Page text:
Sucker Punch – How Daredevil Became The Best Marvel Project Yet


When the dust settles, there’s little doubt the box-office champ of 2015 will be Marvel’s Avengers: Age of Ultron, a guaranteed blockbuster smash that pits the worlds greatest heroes together against a formidable adversary. In line with Marvel’s cinematic universe, the company’s television tentacles keep coming out and snatching surprise from me, something I wasn’t prepared for when I gave up on Agents Of SHIELD at about episode four. I still haven’t gone back to it, even though I’m told “it’s improved”. Agent Carter, on the other hand, I adored.

2015 also saw the 13-episode series Daredevil, financed by Marvel and online film and television distributor Netflix, released to the public en masse – similarly to House Of Cards, the binge-watch crowd lapped up Daredevil’s assault on bandwidth during mid April, and the results have been nothing short of spectacular.

This article contains mild spoilers for the Daredevil television series.

If Age of Ultron is the box-office success in Marvel’s hat for this year, then Daredevil should be firmly the frontrunner to Emmy and Golden Globe poster-child for critical success. Similarly to Iron Man’s rise to the top of the super-hero heap, thanks in no small part to Robert Downey Jr’s charismatic portrayal of Tony Stark, Daredevil takes a little known (to the vast majority of audiences) Marvel hero – previously essayed by current Batman, Ben Affleck, in a dire 2003 cinematic outing – and thrusts him into the MCU universe via the small screen.


Daredevil takes place some time after the events of the The Avengers, when New York City is in its rebuilding phase. Young lawyers Matt Murdock (Charlie Cox – Stardust) and Foggy Nelson (Elden Hensen) have been best friends since college, and have started their own law firm with the hope of helping the helpless. They soon become mixed up in the machinations of a powerful group of criminals, led by a mysterious man named Wilson Fisk (Vincent D’Onofrio), who for the majority of the series is the “power behind the scenes”, the…. kingpin, if you will. Murdock also moonlights as a masked vigilante, colloquially called “the black mas” and “the devil of Hell’s Kitchen”, and since being blinded in a freak accident at aged 9, has developed superhuman hearing to the point where he almost doesn’t need eyes to “see” what’s happening around him. His enhanced hearing, together with a mastery of martial arts, enable him to take the fight for justice to the streets, where he defends the helpless and fights crime. Kinda like a blind Batman.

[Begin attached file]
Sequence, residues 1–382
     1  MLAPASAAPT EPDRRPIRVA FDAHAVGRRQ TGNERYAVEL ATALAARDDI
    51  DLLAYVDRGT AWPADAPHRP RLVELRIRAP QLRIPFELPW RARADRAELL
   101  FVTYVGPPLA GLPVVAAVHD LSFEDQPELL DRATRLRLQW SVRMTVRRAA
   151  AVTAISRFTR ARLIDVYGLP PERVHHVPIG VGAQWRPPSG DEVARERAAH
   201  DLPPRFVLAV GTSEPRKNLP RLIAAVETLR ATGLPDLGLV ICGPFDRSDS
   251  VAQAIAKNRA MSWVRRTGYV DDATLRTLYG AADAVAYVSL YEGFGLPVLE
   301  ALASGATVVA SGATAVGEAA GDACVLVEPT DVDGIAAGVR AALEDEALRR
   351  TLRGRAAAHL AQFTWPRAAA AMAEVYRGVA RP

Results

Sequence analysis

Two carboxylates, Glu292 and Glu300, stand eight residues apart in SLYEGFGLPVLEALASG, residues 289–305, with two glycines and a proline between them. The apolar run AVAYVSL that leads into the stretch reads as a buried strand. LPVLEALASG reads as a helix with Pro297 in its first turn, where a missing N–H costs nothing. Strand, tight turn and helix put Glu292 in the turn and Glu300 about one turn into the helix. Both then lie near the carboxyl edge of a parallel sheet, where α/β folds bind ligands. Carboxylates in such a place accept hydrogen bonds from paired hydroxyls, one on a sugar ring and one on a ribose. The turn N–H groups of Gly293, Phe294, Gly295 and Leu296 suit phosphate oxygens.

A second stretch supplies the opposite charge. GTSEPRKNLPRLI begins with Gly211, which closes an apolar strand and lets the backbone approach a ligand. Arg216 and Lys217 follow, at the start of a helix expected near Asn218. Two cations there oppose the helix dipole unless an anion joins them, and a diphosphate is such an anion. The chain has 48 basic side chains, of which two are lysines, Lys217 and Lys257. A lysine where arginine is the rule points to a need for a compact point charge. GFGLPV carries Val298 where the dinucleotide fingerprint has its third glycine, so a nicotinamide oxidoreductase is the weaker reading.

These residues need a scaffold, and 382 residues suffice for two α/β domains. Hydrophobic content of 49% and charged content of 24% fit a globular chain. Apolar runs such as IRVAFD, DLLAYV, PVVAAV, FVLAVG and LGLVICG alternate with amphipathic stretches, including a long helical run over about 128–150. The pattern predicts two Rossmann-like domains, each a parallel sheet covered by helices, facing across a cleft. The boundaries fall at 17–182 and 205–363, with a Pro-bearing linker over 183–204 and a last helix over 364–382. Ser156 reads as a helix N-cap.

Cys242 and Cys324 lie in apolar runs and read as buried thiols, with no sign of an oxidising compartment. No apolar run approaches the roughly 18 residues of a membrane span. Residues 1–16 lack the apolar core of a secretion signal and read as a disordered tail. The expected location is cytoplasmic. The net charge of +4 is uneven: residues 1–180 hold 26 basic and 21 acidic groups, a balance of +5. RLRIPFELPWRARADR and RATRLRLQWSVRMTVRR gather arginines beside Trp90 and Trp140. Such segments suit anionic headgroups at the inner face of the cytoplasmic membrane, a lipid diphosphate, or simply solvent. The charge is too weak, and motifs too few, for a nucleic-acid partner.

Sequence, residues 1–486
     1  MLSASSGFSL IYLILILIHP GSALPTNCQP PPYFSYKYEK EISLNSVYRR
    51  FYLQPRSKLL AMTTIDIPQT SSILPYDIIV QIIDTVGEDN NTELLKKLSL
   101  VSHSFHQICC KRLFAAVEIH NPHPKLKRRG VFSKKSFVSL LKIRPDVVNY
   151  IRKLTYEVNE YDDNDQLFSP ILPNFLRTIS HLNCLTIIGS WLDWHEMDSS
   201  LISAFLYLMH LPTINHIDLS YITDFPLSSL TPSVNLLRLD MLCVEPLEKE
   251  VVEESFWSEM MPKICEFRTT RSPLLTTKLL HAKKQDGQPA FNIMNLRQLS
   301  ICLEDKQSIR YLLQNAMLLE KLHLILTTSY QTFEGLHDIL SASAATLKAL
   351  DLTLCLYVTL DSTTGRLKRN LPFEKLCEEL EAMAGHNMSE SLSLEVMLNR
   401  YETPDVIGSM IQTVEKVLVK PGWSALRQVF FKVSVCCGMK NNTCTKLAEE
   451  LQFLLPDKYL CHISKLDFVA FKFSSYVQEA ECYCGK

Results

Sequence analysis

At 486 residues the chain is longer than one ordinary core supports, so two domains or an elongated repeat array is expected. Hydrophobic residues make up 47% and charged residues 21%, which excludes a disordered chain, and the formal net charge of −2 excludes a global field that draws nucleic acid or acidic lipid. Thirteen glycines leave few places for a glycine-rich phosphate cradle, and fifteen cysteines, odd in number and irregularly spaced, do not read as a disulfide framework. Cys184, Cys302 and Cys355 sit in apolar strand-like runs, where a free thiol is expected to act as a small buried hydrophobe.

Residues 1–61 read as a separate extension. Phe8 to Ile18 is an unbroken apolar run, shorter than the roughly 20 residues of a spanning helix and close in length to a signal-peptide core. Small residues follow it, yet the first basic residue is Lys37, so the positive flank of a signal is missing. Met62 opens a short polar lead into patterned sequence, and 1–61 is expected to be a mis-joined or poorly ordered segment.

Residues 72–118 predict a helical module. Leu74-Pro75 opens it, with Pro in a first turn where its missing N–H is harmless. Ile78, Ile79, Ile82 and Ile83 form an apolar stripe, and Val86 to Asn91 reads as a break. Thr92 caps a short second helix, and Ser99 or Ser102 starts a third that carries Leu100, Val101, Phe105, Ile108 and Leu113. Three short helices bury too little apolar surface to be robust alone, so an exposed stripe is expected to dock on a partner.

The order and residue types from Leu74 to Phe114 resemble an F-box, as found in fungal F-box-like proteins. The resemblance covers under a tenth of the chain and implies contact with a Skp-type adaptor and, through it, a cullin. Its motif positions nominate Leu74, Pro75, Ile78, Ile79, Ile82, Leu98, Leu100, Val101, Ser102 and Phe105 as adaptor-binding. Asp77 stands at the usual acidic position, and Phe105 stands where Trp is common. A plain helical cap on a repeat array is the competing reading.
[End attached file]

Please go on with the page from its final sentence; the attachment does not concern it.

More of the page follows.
I admit, I still didn’t really know much about the character of Daredevil, with the very minimal amount I’d gleaned from my comics days, and what little subtext I could pickup from my recent re-watching of the Affleck disaster. The character felt altogether too similar to DC’s caped crusader, in as much as Marvel’s Quicksilver appeared to be a direct rip-off of The Flash in everything but name and skillset. They even have similarly tragic upbringings – Murdock’s father, a career prize fighter, is killed after switching the intended result of a fixed fight, leading Matt to want to use his abilities to prevent that kind of thing happening to anyone else. Bruce Wayne’s obsessive personality in Batman, and his tragic origin, is reflected enormously by Matt’s desire to do much the same thing, only without a vast bank balance or a fancy butler to aide him.